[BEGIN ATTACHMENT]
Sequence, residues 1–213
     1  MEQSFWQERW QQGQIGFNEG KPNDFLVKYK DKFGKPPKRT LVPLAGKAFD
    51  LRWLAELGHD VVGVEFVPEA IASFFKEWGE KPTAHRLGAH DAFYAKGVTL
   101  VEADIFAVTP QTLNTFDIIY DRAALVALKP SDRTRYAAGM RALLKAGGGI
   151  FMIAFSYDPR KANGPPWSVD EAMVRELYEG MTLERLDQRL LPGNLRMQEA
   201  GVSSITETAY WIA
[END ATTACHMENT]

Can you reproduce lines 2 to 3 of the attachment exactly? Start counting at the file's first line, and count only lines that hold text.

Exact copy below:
     1  MEQSFWQERW QQGQIGFNEG KPNDFLVKYK DKFGKPPKRT LVPLAGKAFD
    51  LRWLAELGHD VVGVEFVPEA IASFFKEWGE KPTAHRLGAH DAFYAKGVTL